In Memory of




Obituary for Barbara Eleanor Laliberte

Barbara " Bobbi" Eleanor Laliberte (Gaddie) born June 7th, 1927, at Cowessess First Nation at her beloved Qu'Appelle Valley, passed away peacefully with family by her side at Hogarth Riverview Manor. The flags at Cowessess are flying at half mast, to honour her passing.

Predeceased by husband Albert, sons Brian and Robert (Bobo), parents Gilbert and Ida Gaddie (Baldhead), sisters Sarah, Mary and Flora; brothers, William, Walter, Henry, Samuel, David and best friend Selina Hoggarth (George). Barbara is survived by sons Marcel, (Jacquie), Marc, (Gloria) grandchildren Celine (Dave), Beau, Alexander and Sage. great grandchildren Dylan and Quincy, numerous nieces, nephews and members of the Gaddie, Holt, Langan, Silman, and Abdou families

Barbara attended the Round Lake residential school for 9 years, which had a deep impact on her life and her family's. Her wish for her family and people was for reconciliation, hope and healing.

Barbara was trilingual, speaking her mother's language, Saulteaux, and her father's language, Plains Cree in addition to English. She proudly proclaimed that she was a "Treaty Indian” , an important concept that she shared with all about Canada's obligations to Indigenous peoples. She shared many stories of the Indian agents, her time at boarding(residential) school, and the enfranchisement systems of the day such as the pass system to leave the reserve, marriage as a means of extinguishing status and the struggles for the right to higher education, to vote, to travel or retain a lawyer. She was keenly aware of her people’s struggles for opportunities, respect, justice and health. Barbara came to understand and lament the loss of her peoples’ traditional knowledge, culture and heritage were because of colonialism.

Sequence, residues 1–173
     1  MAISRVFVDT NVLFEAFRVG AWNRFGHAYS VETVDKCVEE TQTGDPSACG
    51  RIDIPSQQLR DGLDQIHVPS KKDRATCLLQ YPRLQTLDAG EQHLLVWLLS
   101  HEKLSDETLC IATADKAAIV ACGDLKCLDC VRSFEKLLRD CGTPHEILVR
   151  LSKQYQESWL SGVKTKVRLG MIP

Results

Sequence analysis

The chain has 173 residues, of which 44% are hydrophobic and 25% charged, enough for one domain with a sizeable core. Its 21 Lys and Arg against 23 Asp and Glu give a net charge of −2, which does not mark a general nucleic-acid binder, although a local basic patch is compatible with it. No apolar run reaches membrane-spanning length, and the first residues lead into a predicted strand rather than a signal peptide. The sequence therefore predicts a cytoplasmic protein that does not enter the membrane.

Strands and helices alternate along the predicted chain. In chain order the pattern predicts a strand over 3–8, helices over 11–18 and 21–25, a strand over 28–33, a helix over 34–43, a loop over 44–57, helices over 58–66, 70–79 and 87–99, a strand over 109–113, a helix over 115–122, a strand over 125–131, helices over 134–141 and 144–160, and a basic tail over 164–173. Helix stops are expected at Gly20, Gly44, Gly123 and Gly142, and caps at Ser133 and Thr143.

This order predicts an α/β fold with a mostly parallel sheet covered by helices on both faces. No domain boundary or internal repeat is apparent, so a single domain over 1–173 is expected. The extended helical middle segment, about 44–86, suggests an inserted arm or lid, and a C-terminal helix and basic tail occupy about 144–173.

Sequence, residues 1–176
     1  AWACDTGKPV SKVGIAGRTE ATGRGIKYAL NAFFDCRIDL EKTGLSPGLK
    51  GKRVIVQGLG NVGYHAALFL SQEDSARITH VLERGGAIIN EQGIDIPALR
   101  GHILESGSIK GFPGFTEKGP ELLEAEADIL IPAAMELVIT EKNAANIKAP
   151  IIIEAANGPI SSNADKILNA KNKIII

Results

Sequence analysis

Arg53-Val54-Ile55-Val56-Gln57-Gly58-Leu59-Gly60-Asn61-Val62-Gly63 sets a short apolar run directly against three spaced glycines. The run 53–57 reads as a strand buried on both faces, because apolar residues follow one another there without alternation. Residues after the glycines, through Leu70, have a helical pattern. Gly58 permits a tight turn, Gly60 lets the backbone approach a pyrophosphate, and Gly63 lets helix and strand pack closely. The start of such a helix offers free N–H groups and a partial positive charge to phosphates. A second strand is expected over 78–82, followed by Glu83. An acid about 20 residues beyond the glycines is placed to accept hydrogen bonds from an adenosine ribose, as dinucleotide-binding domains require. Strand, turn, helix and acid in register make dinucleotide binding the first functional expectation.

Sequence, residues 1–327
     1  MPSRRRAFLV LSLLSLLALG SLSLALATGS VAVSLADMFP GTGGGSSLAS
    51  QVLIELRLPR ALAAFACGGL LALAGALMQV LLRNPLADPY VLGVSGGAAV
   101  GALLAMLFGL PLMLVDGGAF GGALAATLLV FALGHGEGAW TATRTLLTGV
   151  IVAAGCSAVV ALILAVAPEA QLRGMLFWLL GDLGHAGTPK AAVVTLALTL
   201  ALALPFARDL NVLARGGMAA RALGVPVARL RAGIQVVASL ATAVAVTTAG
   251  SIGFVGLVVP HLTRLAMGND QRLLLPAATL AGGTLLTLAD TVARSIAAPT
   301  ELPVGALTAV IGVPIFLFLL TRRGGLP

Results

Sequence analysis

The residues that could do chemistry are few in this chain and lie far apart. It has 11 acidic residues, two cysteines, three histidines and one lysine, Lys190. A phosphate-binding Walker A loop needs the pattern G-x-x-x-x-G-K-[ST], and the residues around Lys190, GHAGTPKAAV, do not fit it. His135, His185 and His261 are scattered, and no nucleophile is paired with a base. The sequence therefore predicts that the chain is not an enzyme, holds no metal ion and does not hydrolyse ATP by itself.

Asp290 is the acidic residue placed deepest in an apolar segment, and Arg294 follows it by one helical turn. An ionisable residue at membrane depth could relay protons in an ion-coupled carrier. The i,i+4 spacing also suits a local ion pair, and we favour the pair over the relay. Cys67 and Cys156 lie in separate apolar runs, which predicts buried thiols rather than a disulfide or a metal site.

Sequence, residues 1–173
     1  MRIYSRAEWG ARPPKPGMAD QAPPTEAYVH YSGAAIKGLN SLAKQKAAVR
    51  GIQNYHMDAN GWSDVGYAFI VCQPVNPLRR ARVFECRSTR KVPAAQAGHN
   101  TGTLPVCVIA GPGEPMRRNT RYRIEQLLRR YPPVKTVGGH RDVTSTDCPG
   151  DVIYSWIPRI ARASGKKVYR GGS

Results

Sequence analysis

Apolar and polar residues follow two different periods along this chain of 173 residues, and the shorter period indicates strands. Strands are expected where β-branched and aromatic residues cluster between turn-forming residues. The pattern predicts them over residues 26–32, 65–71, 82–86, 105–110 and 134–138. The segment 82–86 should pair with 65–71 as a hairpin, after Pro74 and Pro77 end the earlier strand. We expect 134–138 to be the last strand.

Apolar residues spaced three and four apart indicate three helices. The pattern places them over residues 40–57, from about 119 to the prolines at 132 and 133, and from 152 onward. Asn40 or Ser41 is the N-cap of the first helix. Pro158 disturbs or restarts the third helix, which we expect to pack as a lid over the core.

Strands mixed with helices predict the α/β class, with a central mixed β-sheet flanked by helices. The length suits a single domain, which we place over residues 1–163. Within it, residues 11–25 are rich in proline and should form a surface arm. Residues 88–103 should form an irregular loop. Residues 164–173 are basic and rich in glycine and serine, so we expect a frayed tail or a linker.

Mom's sense of duty and service was impressed upon her early, witnessing her parents' role at Cowessess "Indian Reserve" as traditional healers and trusted advisors to the community. She became literate in Western teachings in the residential school system. Upon completion of grade 9 she wished to pursue higher learning but was denied further education. She entered the workforce as a waitress, bush camp and hospital domestic worker.

At 19, when her mother passed away, Barbara left the reserve for Ontario to work and reunited with her beloved sister Flora in Northwestern Ontario. She met Albert while they worked at a bush camp. They fell in love, married at the Winter Chapel at St. Andrew's, and started a family in Port Arthur. She devoted her life to her family

Mom was the steadfast matriarch, grandmother, great grandmother and auntie, outspoken, fiercely loyal and courageous, defender of her family and people, faithful, kind and wise.

A staunch supporter of our Canadian military, Police, Fire and Emergency Medical Services. She made sure to let all know of her brothers' military service, William in the Great War, Henry, Walter and Sam in World War II. An animal lover, Barbara always enjoyed her time with Ziibi and Coco.

Special gratitude to the Deschamps family of Red Rock First Nation and Nipigon, for their care and compassion in the 1950s, during mom and dad's serious long-term illnesses; when our family had no one to turn to, you were there.

Thank you, Meegwetch, to the staff and volunteers at 2 South for your kindness and compassion.
Barbara had a deep abiding love for Jesus, her Saviour, receiving comfort from prayer, kindred fellowship and scriptures from the Word. Safe in God’s embrace.
Kiisahgin. We love you.

In lieu of flowers, donations may be made to The Caring Society, Online condolences may be expressed at